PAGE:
Central Minnesota lawmakers today expressed disappointment in a legislative stalemate that prompted Gov. Tim Pawlenty to cancel more than $281 million in state spending, take the last $24 million from state reserves and defer more than $50 million in sales tax reimbursements to businesses this morning.
Rep. Dale Walz, R-Brainerd, said today the governor cut ethanol subsidies from $27 million to $6 million.
Before hearing the specifics of the governor's cuts, Walz said he had experienced a sinking feeling that House and Senate conferees were not going to reach agreement. Negotiations fell apart at about 1 a.m. today.
"I'm a little bit concerned about ethanol for the farmers down by Little Falls," he said.
Although he wasn't sure how the ethanol cuts would affect Morrison County's ethanol plant he said some of the more established plants appeared ready to make it on their own without state subsidies.
Walz said it was apparent to him from listening to a radio broadcast of Pawlenty's news conference today the governor took no joy in invoking the executive privilege known as unallotment.
"We have to have a balanced budget," Walz said.
The Brainerd area lawmaker said the governor explained that kindergarten-12 budget cuts were primarily grants that would not directly affect the classroom. Earlier this week Pawlenty mentioned school district compensatory aid as a possible target, although it was not clear this morning whether that was affected by Pawlenty's announcement.
Brainerd Superintendent Jerry Walseth said the district receives $1.73 million in compensatory aid, which is targeted to school districts with a relatively high number of low-income students. He said the Brainerd district has only received about 35 percent of its compensatory aid this year.
"Compensatory aid goes to support our high-risk students," he said. "Our primary mission is student achievement. This will impact student achievement."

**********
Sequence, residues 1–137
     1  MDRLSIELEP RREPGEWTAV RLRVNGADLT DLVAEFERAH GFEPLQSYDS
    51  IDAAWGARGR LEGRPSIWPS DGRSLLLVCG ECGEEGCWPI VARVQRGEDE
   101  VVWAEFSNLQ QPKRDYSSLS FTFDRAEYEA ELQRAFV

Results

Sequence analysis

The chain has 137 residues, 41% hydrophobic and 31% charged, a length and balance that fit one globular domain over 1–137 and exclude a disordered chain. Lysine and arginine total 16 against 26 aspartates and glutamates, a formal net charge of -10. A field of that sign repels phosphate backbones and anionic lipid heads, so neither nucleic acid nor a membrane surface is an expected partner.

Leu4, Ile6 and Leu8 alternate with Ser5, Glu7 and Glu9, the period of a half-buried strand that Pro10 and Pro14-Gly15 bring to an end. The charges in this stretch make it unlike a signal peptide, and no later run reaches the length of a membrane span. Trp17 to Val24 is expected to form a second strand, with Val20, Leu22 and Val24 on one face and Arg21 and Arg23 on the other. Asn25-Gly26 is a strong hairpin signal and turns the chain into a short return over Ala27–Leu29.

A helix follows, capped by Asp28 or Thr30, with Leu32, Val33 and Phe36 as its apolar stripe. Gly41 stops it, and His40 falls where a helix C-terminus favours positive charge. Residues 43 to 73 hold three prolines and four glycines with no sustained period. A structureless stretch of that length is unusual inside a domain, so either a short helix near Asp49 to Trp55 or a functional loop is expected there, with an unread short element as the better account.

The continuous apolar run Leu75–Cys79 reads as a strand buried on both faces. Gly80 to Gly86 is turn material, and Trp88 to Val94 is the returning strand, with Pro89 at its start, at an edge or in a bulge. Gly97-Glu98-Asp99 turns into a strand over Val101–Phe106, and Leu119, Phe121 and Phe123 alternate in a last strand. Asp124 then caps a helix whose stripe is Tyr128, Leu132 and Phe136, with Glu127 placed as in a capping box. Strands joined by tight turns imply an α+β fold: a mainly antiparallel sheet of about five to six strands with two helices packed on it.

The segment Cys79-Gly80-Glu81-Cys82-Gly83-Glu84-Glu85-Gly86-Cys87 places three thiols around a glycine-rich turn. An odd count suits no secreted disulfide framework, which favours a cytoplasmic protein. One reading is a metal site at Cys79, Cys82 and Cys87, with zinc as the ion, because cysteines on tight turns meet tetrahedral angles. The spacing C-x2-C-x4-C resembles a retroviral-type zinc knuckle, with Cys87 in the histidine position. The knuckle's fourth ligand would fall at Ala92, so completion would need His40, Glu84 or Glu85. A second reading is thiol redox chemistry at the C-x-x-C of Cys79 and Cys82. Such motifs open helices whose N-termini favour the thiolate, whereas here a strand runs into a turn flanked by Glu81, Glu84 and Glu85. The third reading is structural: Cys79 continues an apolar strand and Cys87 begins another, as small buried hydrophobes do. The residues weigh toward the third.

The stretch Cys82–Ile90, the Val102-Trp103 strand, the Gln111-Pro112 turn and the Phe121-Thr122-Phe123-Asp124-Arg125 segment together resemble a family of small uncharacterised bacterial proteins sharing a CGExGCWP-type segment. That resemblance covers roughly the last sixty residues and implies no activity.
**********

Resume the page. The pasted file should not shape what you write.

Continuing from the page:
Other lawmakers, contacted before Pawlenty's news conference, expressed dissatisfaction that the unallotment process had to be used.
"I'm extremely disappointed that 201 legislators are paid to do a job and quite frankly we didn't get the job done," Sen. Paul Koering, R-Fort Ripley, said.
He questioned how lawmakers would handle the $4.5 billion deficit for coming years when they couldn't come to an agreement on a $356 million shortfall.
"If we don't start getting the job done we could lose our AAA bond rating," he said.
Sen. Dallas Sams, DFL-Staples, one of the conferees, said the potential of compensatory aid cuts might make it hard for the governor to hold firm to his pledge of not harming education. He said the Staples, Long Prairie and Osakis school districts all receive compensatory aid.
He said the Senate has philosophical differences with the House and the governor is going to have to engage in give and take with the Senate.
"It was a stalemate and it shows that's probably the way it's going to be," Sams said. "The governor and House think they're in control. We're a third part of this tri-system. We have some philosophical differences and they're going to have to give and take."
Those philosophical differences included the Senate's preference for one-time cuts to higher education and then an evaluation to see how it affects tuition while the House and governor wanted to make permanent higher education cuts. The Republicans also wanted permanent cuts in food assistance to pregnant mothers and children and to pre-natal and preventative care.
"It lets the House and governor know where we're at in the Senate," Sams said of the stalemate. "We're not going to get pushed around. The next go-around is going to be much more important. The governor has to be aware that there is some middle ground."
Rep. Larry Howes, R-Walker, thinks more pain will result from the unallotment process than if a compromise were reached.
"If we can't settle this little one (deficit) what are we going to do with the next one?" he asked.
Howes said he believed the House compromised but the Senate wasn't unified enough to compromise.
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